Phosphatase activity of SEAP was quantified by bioluminescence using the PhosphaLight™ kit (Tropix, MA, USA). Bioluminescence was measured as relative light units (RLU) in a TECAN SPECTRAFluor Plus spectrometer with an integration time of 100 milliseconds and gain set to 100. Data were analysed using the XFlour software version 4.40. RLU varied between experiments due to the nature of the assay. Where more than one experiment was used to present figures and for statistical analysis, correction for these day to day variations was performed by normalizing data to set 100 RLU units for the positive control (LPS + HM). In one experiment, levels of NF-κB activation were similar for 10 μg/L of TNF-α and 10 μg/L of LPS in combination with HM.

Secreted IL-8 protein was quantified by ELISA using the IL-8 Eli-pair kit (Diaclone, CT, USA). Absorbance was measured in a Dynex MRX microplate reader (Dynex Technologies, Worthing, England) at 450 nm.

Real-time PCR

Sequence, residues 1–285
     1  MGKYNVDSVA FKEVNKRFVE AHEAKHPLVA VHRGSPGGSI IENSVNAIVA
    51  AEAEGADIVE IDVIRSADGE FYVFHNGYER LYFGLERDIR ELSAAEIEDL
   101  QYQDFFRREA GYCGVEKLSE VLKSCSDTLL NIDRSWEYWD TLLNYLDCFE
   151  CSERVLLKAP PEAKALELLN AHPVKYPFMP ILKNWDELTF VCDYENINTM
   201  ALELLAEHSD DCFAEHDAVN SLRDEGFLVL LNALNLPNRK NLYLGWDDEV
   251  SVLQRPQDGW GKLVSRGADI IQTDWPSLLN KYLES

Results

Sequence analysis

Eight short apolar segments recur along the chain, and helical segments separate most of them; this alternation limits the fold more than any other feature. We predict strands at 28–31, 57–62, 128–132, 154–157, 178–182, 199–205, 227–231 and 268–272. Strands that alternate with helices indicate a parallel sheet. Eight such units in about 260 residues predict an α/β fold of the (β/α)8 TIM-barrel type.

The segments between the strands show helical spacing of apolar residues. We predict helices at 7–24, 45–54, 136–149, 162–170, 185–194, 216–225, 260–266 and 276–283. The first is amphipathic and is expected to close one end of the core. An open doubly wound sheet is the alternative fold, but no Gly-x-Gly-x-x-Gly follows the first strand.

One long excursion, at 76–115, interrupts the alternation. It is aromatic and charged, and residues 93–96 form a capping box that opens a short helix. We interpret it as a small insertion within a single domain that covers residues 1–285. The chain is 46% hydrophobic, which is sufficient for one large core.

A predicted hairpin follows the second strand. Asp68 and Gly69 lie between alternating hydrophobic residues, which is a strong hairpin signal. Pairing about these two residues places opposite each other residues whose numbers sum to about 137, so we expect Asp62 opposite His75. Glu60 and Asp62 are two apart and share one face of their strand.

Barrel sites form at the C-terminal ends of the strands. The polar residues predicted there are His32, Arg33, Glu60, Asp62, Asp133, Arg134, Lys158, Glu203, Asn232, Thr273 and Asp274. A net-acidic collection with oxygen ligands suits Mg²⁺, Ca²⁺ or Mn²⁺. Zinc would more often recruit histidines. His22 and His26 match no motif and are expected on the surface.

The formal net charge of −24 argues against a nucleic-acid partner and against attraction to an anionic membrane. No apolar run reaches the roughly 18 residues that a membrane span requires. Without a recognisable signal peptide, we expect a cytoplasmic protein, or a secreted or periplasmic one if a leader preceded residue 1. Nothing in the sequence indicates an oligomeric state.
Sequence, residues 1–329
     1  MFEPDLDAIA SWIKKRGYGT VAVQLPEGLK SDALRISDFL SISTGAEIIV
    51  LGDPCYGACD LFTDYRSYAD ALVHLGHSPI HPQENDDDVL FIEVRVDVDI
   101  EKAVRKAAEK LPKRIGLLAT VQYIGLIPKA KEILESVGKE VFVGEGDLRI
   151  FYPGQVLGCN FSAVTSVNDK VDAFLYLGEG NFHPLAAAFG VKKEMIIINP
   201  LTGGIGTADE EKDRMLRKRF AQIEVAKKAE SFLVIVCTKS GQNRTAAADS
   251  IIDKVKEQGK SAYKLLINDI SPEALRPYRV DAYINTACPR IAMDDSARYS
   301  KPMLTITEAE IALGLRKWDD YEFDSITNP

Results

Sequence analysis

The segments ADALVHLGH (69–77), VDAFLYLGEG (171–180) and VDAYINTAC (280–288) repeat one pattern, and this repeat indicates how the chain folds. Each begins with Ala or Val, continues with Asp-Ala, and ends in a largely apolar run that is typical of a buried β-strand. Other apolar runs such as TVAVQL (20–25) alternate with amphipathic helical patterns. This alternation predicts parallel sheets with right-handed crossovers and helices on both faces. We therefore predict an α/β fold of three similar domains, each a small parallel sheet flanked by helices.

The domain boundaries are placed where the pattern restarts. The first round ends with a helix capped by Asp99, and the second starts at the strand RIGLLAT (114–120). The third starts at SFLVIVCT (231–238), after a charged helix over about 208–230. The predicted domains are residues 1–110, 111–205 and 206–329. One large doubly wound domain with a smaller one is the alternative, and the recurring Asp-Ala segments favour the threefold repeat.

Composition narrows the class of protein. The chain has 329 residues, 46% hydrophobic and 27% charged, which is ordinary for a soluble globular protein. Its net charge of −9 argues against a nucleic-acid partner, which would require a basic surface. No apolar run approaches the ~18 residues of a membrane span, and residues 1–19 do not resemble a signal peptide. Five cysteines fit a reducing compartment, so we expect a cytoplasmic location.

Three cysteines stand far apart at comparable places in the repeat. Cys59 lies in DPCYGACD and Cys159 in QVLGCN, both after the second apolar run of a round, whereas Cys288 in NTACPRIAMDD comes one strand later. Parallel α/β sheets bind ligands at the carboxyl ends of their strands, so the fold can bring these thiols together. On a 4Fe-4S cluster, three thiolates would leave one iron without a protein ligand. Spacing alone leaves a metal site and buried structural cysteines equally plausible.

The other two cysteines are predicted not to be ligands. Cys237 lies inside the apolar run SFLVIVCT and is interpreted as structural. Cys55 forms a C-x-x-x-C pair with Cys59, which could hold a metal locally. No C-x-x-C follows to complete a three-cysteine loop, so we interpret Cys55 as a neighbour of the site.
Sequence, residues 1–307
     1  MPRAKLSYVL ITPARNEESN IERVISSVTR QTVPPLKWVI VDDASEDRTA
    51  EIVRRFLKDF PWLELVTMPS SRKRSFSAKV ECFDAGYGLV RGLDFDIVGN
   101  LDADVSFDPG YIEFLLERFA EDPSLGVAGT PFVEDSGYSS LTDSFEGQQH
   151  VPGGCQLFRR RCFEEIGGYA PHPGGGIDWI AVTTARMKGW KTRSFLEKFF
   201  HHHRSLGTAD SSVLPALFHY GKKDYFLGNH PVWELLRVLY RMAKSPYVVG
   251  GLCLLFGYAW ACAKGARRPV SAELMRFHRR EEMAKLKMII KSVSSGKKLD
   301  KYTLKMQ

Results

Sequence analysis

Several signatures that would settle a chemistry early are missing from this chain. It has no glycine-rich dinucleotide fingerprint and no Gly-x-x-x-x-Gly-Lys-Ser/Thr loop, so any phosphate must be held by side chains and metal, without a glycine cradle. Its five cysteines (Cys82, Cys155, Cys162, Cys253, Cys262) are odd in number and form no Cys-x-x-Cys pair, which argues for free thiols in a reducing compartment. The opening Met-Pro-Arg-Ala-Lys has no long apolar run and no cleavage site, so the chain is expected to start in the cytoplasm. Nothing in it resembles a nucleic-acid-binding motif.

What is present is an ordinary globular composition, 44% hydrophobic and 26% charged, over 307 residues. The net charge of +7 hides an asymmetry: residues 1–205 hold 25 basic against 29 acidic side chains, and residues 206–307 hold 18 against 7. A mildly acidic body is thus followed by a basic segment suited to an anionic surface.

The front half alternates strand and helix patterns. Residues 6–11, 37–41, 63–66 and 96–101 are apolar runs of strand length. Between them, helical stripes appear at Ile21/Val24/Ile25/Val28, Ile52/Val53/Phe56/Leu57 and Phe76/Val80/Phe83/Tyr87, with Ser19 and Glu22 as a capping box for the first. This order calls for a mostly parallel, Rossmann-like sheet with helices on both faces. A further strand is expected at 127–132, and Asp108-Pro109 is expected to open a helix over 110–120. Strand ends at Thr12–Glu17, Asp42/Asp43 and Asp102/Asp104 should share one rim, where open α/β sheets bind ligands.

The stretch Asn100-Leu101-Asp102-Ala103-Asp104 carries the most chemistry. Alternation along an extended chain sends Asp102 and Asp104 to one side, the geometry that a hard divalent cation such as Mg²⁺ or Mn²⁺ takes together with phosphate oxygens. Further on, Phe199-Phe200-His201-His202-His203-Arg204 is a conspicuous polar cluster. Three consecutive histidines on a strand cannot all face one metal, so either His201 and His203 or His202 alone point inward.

For real-time PCR, RNA of HT-29 cells was isolated after bacterial pre-treatment and 4 h of LPS challenge in the presence of 5% (v/v) HM using the NucleoSpin® RNAII kit (Macherey-Nagel, Düren, Germany). RNA was quantified using Ribogreen® RNA quantification kit (Molecular Probes, Basel, Switzerland). Quality of RNA was verified using Agilent RNA 6000 Nano Assays and the 2100 Bioanalyzer (Agilent Technologies, CA, USA) with corresponding software (version A.01.16). 1 μg of total RNA was transcribed to cDNA using TaqMan Reverse Transcription Reagents. Real time reactions were set up using 5 μL TaqMan® 2 x PCR Master Mix, 0.5 μL of TaqMan® assays-on-demand primer/probe mixture (glyceraldehyde-3 phosphate dehydrogenase (GAPDH): Hs99999905_mL; IL-8: Hs00174103_mL; TNF-α: Hs00174128_mL; COX-2: Hs00153133_mL; ICAM-1: Hs00164932_mL; all reagents were purchased from Applied Biosystems) and 4.5 μL H2O containing cDNA corresponding to 10-20 ng RNA, depending on the target gene. Real-time PCR was performed in an ABI Prism 7900HT Sequence Detection System (Applied Biosystems) and analysed with the SDS software package version 2.1. Results of the different RNA samples were normalised for RNA quantity using the gene for GAPDH.